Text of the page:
6. Read Exam Questions Carefully: I do not write "trick" questions that seem to be about one thing but are really about another.  Instead, I write very specific questions.  For multiple choice questions, this means that there is one and only one correct answer.  For essay questions, this means that you need to address the specifics of the question, rather than giving me some vague or fuzzy response that may only have some tangential relevance to the issues raised.  To do well on my exams, take your time -- read each question carefully and make sure you are addressing the specifics.  If you are uncertain about what a question is asking, then speak to me during the exam and I will try to clear up any confusion.

  7. Student Responsibilities: Be willing to work hard and be proactive regarding your performance.  Please understand that your final grade, as well as your grades on exams, papers, etc., are your responsibility.  To succeed in this course, you must work and, on occasion, work hard.  I am more than willing to help students develop a firm understanding of course material and assignments.  But before coming to me, you must try to develop understandings on your own.  Accept that you may have to struggle occasionally to learn and to complete assignments.  This is how you take responsibility and become proactive regarding your progress and any problems you might have.  If, after giving the matter a real effort, you are still having problems, then come and see me.  I can assure you that we will work together to solve any problems you might have.

  8. Don't Wait Until the Last Minute: If you are having problems with exams or writing assignments, come and see me sooner rather than later.  Not only will there be more time to rectify problems, but you will also demonstrate to me that you are being proactive regarding your progress and that you wish to solve any problems you might have (rather than have me solve them for you).   Likewise, if you are having difficulty attending class, if you are missing exams or not turning in writing assignments, you will need to consider whether dropping the course might be your best option and, if it is, you need to do the drop as soon as possible.  If you come to me during the last few days of the course wanting me to drop you or to give you an incomplete, I will likely be unable to help you as UTEP has specific policies on such matters.  Instead, stay in touch with me throughout the semester if you are having difficulties, I may be able to give you some advice that may help your GPA or save you tuition money.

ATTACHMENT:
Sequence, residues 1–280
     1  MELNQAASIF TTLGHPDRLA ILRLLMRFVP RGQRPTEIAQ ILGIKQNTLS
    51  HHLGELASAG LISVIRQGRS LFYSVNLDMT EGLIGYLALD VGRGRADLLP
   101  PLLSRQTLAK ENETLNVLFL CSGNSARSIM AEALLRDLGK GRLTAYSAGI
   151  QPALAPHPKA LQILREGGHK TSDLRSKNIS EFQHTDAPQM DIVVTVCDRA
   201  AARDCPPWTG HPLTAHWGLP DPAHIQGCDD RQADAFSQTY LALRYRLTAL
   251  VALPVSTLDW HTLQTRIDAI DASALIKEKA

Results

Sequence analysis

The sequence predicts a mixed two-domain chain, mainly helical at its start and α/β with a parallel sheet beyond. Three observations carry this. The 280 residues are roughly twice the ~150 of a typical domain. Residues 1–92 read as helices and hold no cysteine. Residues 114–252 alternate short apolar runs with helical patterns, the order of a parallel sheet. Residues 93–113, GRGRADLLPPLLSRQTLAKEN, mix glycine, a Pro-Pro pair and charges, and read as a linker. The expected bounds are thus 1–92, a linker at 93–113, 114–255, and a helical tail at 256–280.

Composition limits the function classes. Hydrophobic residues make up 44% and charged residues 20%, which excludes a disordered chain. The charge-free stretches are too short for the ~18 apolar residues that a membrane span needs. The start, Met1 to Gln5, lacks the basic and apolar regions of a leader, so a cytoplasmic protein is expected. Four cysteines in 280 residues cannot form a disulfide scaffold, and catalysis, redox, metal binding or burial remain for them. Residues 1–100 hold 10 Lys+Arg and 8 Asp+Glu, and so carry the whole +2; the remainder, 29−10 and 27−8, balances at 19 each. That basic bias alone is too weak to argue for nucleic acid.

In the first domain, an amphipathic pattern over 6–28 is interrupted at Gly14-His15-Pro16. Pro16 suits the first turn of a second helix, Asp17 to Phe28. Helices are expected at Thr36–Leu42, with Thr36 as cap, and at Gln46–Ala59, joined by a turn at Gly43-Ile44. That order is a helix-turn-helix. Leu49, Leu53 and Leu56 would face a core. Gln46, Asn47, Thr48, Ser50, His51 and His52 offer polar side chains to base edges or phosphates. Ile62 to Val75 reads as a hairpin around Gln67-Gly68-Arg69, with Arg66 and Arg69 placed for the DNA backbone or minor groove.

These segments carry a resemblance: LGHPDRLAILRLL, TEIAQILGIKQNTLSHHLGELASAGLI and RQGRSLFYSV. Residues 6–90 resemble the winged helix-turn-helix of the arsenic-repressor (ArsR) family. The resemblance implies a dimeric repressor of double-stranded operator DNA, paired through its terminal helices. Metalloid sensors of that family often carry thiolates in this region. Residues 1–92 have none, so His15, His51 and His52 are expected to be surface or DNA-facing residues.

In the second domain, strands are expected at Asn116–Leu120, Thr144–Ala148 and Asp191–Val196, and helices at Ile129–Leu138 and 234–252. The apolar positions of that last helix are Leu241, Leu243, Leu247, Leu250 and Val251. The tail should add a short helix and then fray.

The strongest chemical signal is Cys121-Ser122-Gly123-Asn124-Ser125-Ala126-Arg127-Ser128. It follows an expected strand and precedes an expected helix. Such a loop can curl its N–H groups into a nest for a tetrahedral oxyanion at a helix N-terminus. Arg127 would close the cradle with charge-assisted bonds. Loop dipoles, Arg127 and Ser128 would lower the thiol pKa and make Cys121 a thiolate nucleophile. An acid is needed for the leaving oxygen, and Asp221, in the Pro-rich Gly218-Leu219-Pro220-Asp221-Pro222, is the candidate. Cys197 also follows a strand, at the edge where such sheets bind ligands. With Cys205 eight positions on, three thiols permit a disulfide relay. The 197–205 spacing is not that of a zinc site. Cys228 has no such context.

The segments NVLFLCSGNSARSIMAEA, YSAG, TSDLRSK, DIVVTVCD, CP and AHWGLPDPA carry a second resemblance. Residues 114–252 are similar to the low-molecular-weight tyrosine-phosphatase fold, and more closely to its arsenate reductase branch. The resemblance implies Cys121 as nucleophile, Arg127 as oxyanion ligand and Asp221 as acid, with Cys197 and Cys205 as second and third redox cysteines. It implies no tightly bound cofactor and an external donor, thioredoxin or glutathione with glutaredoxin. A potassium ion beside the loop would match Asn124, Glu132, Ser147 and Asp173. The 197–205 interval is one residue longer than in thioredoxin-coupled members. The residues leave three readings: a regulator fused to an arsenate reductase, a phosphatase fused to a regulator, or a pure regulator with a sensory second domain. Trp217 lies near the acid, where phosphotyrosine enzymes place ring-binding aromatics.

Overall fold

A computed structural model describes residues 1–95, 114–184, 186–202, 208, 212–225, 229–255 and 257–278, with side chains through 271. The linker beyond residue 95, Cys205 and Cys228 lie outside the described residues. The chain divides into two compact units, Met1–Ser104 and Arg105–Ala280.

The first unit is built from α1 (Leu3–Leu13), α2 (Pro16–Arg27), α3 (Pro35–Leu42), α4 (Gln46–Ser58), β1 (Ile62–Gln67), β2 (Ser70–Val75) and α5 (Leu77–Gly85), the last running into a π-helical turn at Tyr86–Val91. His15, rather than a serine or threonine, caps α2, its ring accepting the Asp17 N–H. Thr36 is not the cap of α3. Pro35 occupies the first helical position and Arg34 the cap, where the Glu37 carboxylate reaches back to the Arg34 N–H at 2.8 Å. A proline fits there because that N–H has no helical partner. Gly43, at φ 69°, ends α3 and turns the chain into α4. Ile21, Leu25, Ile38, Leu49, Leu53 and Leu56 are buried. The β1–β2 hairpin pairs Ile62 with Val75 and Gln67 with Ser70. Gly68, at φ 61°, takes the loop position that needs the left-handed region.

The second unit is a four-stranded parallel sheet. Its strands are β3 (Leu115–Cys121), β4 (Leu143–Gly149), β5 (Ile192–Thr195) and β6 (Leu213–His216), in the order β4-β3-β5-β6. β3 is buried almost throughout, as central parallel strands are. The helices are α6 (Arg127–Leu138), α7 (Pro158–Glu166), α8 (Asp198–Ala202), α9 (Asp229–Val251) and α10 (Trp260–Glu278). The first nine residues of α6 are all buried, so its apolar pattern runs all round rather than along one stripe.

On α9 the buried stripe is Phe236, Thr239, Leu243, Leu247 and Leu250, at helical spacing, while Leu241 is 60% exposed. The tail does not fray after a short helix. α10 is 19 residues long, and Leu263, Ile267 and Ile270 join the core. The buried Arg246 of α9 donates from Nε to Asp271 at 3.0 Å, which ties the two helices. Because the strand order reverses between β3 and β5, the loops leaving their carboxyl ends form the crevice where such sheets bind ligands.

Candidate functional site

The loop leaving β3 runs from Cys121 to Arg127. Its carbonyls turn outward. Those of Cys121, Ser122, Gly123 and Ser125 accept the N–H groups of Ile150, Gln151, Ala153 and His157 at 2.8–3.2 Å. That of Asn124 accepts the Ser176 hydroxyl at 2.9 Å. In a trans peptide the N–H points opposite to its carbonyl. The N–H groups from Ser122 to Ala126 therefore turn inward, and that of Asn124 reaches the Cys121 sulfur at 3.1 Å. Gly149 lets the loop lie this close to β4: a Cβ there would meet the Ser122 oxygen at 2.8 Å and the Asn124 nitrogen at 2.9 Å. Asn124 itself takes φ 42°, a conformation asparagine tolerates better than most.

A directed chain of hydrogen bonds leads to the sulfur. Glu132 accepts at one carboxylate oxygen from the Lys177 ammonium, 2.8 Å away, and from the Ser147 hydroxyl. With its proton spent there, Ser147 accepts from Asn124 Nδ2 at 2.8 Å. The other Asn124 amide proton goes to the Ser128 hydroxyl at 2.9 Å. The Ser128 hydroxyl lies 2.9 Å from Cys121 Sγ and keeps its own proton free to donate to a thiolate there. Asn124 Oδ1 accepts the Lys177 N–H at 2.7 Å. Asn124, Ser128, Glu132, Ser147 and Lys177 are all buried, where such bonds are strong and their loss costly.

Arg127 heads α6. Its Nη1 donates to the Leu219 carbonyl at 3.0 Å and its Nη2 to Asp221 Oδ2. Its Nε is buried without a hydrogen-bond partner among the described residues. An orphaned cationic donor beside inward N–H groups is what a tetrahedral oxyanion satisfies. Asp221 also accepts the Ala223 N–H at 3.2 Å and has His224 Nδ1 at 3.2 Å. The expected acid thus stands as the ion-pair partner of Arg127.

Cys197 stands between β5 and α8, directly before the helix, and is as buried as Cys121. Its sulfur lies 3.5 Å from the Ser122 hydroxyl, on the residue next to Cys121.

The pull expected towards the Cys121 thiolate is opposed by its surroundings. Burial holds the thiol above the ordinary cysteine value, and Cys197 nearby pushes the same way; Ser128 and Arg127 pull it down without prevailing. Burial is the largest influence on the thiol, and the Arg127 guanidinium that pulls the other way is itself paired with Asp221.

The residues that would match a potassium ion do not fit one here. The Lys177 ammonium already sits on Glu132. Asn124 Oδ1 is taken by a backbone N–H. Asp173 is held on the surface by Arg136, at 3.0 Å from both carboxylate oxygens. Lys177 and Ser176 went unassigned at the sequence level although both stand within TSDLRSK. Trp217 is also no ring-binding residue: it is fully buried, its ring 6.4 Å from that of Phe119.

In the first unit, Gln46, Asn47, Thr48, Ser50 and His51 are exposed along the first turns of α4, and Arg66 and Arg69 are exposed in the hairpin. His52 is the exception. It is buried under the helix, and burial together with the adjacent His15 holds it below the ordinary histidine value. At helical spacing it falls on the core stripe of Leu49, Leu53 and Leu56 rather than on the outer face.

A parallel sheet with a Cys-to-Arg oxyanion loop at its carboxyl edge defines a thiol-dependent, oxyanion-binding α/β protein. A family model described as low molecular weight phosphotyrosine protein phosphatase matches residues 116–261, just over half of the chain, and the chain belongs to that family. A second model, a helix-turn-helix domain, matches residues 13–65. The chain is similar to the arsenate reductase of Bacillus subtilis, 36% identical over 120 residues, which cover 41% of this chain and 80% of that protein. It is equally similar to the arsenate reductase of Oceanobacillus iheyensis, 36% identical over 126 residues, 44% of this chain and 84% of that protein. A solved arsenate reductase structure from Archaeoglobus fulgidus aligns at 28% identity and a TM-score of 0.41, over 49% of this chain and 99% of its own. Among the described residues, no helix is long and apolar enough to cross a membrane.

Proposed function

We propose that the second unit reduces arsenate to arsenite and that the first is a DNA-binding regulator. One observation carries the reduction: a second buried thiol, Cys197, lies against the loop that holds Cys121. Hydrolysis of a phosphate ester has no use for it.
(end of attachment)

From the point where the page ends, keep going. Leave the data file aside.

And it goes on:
9. Receiving a Desirable Grade: If you attend class, do the readings, participate in class, work conscientiously and proactively, and take responsibility for your success, then there is every reason to expect that you will succeed in my class.  That is certainly my hope for every student who walks through my classroom door.